Organizations that do not frame clear cultural expectations about the role of AI risk their teams using AI tools as a crutch and accept mediocrity as a result. We call this the “mediocrity trap”.6 Generative AI tools like ChatGPT make it easy to do “just enough” where a novice or an uncritical eye may not notice they are impacting quality. In contexts where critical thinking or creativity is called for, relying too heavily on AI like this poses the risk of creating undifferentiated or uninformed results. This not only has implications on the quality of the immediate task, but also shortchanges the individual’s growth and understanding of the topic at hand, making them less able to bring informed perspectives to future contexts.
Empathy holds a pivotal role as the fourth cultural dimension we have identified for organizations to adapt to the AI future. Empathy at its core is the ability to understand and share the feelings of another. When applied within an organizational culture, it signifies recognizing and valuing the emotional experiences, perspectives, and well-being of all members within the institution and its stakeholders.
Empathy is so foundational to innovation, it’s codified as the first stage of the Design Thinking innovation framework (Empathize → Define → Ideate → Prototype → Test) and companies who express it across their organization will be better positioned to identify the most effective and human-centered uses of AI.7 Many have feared that outsourcing customer interactions to AI will result in a loss of empathy, but early research has found that somewhat counterintuitively, AI has the potential to increase empathy. In one study from November 2022, messages drafted by AI and sent by providers to patients were rated by blinded observers to be more empathetic than those that providers drafted independently.8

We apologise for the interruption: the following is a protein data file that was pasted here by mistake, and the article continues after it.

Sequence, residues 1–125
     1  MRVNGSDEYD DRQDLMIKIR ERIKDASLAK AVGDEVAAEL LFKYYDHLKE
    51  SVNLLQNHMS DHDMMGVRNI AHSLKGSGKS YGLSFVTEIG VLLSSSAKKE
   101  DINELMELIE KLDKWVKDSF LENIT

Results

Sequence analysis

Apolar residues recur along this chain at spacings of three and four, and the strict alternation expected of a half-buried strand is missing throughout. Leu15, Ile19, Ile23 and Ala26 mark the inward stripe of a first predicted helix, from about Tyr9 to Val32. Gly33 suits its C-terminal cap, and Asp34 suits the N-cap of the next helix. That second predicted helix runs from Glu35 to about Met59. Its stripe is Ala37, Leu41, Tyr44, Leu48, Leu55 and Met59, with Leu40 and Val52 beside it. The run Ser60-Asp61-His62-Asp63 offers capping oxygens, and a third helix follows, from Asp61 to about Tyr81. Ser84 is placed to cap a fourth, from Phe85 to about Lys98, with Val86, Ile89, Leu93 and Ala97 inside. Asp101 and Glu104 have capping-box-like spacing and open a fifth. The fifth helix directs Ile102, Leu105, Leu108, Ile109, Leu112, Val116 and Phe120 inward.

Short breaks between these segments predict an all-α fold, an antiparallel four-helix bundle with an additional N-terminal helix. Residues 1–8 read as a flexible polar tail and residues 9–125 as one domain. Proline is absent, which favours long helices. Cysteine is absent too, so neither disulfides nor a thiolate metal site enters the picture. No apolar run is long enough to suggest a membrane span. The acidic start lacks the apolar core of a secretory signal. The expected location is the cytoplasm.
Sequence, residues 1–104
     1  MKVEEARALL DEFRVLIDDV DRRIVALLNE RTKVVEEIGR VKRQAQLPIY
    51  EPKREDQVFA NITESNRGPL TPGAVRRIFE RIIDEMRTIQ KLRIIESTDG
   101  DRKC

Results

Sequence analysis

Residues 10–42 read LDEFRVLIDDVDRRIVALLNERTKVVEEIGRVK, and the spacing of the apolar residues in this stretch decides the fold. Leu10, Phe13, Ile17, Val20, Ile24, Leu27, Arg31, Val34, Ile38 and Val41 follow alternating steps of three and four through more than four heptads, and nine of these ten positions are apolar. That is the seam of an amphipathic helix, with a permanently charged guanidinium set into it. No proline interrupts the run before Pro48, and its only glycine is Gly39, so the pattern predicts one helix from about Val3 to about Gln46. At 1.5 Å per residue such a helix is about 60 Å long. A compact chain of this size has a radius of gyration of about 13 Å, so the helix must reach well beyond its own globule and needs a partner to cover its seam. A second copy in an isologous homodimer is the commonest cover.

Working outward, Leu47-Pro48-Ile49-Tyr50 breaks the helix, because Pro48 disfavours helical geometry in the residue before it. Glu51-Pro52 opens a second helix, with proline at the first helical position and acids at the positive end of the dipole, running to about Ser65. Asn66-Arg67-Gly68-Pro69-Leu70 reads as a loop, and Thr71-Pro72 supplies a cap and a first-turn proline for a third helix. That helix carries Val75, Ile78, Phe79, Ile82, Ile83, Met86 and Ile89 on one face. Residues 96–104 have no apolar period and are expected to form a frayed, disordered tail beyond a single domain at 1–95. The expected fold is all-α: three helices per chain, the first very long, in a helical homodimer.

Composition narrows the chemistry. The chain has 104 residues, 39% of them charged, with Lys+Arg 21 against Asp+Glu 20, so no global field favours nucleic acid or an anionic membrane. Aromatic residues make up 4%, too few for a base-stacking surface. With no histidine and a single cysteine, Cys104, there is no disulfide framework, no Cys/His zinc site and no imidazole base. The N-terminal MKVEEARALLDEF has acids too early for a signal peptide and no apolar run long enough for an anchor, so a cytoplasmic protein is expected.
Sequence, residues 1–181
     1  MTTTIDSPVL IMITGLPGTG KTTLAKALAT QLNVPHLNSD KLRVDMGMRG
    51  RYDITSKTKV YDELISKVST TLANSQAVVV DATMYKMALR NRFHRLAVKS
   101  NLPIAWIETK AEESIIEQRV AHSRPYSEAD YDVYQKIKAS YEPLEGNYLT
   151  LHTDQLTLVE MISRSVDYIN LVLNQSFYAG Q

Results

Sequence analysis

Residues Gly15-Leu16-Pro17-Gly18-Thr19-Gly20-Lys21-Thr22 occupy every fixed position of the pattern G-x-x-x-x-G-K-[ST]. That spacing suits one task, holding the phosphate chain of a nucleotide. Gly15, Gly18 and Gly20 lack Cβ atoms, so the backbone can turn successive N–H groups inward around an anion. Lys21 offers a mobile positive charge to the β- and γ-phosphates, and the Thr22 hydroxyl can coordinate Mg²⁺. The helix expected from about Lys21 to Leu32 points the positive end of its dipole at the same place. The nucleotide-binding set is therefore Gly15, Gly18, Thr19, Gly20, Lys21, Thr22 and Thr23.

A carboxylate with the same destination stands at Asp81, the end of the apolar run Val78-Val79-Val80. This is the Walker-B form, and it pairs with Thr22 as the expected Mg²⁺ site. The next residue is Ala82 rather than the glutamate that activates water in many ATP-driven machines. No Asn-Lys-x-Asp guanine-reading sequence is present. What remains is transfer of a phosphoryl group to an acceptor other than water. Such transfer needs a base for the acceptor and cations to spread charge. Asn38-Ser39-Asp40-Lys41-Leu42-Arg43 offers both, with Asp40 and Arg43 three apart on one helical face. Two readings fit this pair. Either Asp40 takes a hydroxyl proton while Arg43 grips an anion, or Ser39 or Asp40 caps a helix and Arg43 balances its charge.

We recognize empathy is one of the most foundational components of any change management plan, which must account for how various recipients may experience a message. Tools like ChatGPT can be used to pull through the thread of empathy to achieve desired outcomes across a number of areas, such as synthesizing survey results, customer service interactions, and social media, or when used as a sounding board for draft communications.